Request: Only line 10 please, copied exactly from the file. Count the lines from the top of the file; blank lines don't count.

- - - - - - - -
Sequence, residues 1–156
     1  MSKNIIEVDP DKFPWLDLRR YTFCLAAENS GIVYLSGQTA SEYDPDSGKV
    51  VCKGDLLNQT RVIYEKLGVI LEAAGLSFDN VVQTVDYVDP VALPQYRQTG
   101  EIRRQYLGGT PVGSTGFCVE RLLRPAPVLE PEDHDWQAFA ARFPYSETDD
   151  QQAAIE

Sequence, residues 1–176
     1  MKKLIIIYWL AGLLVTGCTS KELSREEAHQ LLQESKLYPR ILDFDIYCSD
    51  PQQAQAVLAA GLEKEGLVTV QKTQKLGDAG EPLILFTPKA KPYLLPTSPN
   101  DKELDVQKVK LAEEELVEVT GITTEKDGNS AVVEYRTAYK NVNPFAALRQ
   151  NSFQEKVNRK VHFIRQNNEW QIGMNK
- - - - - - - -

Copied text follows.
   151  NSFQEKVNRK VHFIRQNNEW QIGMNK